The National Party elects Todd Muller as leader and Nikki Kaye as deputy; Muller calls for unity in the ‘national team’


The National Party caucus elected Todd Muller’s leader, ousting Simon Bridges.

Nikki Kaye will be Muller’s assistant, taking over from Paula Bennett.

Muller said Paul Goldsmith would remain National’s finance spokesperson, although at the start of the day Goldsmith said he was backing Bridges.

“There is no Team Todd, there is no Team Nikki, or anyone else – there is only the National Team,” Muller said in a statement. after the vote.

“National has always been a coalition of cities and countries, businesses and communities, conservatives and liberals – National is the party of all New Zealanders.

“New Zealanders need a national government with the experience and management skills to enable our country to weather the worst crisis since the end of World War II.

“My goal as a leader is the economic recovery of our country and the strengthening of all communities in New Zealand.”

“I am not interested in the opposition for the sake of the opposition. We are all tired of this kind of politics’

Speaking at a press conference, Muller was joined on stage by Kaye, Goldsmith, Shane Reti, Chris Bishop, Judith Collins and Gerry Brownlee. Nicola Willis was seated next to his wife, Michelle.

Muller won’t say if all MPs alongside him voted for him, but Bishop and Willis voiced their support for Muller on Twitter after the vote. Collins didn’t want to say who she was supporting.

Muller gave Bridges a dig in his speech, saying, “Here’s what you can expect from my leadership: First and foremost, I’m on what’s best for you and your family, not on. what is wrong with the government.

“And I’m not interested in the opposition for the sake of the opposition. We’re all tired of this kind of politics. I’m on ideas that work.

“I am proud to work through Parliament on the zero carbon law. Wherever I have the opportunity to work with other parties for the good of our country, I will.

“Am I going to criticize the government? Yes …

“I believe in business, in the reward of hard work, in personal responsibility and in the strength of strong families and communities.

“Basically I don’t believe that for each of us to do better someone else has to be in a worse situation.”

Muller went on to say, “I am the first to admit and acknowledge that the government’s handling of COVID-19 was impressive overall. And I think most New Zealanders would feel the same.

“But to judge a government on your ability to manage a crisis in eight weeks in a health context, against a threshold of, ‘do you have the capacity, sitting around a cabinet, to design an economic recovery while have all of your performance metrics over the previous two and a half years been unsuccessful? I think it doesn’t work. I think the country knows it is not working.

Although Muller did not credit Bridges in his statement, he did credit him at the press conference.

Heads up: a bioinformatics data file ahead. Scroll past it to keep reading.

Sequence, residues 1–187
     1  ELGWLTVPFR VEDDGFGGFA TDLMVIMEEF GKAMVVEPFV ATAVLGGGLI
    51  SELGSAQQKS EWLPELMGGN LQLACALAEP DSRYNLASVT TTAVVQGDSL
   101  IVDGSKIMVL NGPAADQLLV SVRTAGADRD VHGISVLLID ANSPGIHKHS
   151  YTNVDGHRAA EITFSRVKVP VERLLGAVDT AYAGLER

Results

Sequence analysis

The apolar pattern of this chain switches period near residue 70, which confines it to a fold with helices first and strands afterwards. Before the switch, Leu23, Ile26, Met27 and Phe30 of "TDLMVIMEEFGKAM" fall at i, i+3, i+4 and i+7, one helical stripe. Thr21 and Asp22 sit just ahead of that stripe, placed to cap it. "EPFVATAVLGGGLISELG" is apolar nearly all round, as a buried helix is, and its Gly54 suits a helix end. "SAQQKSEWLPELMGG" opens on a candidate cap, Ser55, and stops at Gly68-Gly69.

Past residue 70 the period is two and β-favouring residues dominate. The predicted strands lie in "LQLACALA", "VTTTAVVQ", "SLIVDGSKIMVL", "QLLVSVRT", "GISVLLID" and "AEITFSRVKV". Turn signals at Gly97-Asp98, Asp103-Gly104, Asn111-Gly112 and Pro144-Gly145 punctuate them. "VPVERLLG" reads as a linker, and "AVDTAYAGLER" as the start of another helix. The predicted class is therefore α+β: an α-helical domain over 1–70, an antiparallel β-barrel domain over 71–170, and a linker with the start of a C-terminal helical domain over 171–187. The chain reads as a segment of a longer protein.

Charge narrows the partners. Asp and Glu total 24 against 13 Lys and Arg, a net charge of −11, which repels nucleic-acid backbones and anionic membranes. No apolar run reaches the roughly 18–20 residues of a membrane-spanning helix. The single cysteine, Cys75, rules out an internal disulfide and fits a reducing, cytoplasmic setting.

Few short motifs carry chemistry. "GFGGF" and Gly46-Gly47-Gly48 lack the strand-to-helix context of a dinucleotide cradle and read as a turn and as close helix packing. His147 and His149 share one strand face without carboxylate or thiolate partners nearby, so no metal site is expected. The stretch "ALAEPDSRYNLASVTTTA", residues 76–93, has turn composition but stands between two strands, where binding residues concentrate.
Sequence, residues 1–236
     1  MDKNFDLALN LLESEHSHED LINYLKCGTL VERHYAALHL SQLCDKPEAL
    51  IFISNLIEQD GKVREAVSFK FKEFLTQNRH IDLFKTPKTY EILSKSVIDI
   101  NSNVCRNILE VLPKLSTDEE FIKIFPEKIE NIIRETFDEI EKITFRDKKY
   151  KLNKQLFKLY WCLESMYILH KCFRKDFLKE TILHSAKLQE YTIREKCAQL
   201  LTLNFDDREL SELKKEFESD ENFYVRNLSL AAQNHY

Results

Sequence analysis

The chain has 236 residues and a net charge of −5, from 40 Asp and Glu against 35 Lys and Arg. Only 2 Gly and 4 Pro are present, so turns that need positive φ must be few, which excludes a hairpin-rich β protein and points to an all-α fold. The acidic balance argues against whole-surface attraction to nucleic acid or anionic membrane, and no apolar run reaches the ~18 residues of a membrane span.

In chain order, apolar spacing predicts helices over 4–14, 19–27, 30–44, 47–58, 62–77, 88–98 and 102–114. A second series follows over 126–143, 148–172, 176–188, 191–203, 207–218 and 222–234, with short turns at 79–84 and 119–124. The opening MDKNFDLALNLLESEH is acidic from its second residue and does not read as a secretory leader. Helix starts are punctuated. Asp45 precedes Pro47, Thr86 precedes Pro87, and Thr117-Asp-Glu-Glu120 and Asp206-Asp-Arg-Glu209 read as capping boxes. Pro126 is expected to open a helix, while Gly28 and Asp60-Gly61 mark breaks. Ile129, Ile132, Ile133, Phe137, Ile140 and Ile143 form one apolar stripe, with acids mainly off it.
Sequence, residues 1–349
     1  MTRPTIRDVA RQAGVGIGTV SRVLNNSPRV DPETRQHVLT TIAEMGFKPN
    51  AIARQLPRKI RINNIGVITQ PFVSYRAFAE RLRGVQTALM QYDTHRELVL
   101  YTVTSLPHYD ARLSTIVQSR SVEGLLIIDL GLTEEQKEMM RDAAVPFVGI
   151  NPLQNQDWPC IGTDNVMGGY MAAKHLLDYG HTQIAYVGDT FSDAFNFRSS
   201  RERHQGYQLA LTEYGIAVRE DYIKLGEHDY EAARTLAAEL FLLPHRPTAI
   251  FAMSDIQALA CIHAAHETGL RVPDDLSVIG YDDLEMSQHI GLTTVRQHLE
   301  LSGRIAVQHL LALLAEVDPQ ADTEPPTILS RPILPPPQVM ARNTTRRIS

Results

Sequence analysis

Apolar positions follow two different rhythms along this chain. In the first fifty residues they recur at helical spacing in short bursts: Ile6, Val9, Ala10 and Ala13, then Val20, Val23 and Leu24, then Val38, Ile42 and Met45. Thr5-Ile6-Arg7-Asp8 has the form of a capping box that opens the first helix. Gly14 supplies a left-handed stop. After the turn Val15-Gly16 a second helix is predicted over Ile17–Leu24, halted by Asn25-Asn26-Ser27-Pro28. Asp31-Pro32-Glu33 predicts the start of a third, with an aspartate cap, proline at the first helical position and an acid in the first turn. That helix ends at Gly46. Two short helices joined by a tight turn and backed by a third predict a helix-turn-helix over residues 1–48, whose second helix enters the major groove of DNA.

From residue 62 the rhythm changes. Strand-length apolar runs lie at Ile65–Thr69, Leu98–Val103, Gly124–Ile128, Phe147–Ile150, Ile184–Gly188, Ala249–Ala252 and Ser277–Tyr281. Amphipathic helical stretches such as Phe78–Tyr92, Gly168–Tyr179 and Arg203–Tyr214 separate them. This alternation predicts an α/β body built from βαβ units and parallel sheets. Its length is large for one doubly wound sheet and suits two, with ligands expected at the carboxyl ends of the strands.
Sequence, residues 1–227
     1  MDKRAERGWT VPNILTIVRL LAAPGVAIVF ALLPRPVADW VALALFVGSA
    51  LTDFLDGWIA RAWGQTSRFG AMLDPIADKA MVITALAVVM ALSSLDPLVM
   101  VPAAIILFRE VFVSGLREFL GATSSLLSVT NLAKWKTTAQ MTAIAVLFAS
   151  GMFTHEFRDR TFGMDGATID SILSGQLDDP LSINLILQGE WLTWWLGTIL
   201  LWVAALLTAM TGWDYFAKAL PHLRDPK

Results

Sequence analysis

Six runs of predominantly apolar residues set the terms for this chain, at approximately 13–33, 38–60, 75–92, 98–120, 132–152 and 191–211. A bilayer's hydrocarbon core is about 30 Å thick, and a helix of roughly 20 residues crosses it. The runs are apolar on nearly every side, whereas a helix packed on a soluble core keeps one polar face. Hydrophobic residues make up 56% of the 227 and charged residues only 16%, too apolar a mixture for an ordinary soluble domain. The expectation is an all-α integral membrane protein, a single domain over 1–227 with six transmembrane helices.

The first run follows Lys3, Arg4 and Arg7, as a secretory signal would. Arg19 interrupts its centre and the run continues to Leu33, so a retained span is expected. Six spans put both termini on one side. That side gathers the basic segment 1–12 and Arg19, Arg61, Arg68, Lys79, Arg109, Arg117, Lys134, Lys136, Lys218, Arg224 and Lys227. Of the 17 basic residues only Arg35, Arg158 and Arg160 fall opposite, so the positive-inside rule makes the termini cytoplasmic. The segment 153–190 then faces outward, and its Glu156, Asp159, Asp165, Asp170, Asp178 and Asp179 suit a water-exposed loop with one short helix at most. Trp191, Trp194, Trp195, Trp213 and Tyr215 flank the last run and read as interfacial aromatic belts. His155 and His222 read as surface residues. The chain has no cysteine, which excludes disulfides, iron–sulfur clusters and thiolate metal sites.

Bridges take stock

Meanwhile, Bridges tweeted:

Later, at a press conference, Bridges said he would “do a bit of stocktaking” before deciding what to do next.

Muller said he would give Bridges a leadership position in the party.

With Bennett and his wife Natalie by his side, Bridges said, “Often times, whether it’s COVID-19 or March 15, there’s a feeling of wanting to help, but feeling powerless to do so. And wanting to react, and sometimes, dare I say it, overreact.

Bridges summoned MPs to Wellington on Wednesday for a meeting to vote on leadership at noon Friday.

The move followed a disastrous Newshub-Reid Research poll released Monday and an even worse 1 News-Colmar Brunton poll on Thursday.

Support for National fell to 29% in the 1 News poll and 31% in the Newshub poll, while support for Bridges as preferred prime minister fell to 5% in both polls.

According to the 1 News Poll, Muller received just 0.2% support as Preferred Prime Minister.

Muller’s speech

Here is a copy of Muller’s inaugural address in full:

In recent months, our country has made many sacrifices.

You have made many sacrifices. You have invested a lot to help us get through this crisis.

Now we must start to take another step forward together, with confidence.

The confidence to rebuild our country, rebuild our economy and restore the livelihoods of New Zealanders.

Only a national government can provide the leadership to do this.

That is why we must win the next election.

Nikki and I, as well as our team, understand that the task of the next government is immense. We are honored to have the opportunity to lead this party.

We take this seriously.

I want to thank and thank Simon Bridges and Paula Bennett.

Simon has worked very hard as a leader, given his work, and the caucus is grateful for his service.

He and Paula have served the party and our country well.

Thank you to my wife Michelle and our three children for supporting me on this trip. Kids, daddy will be home soon.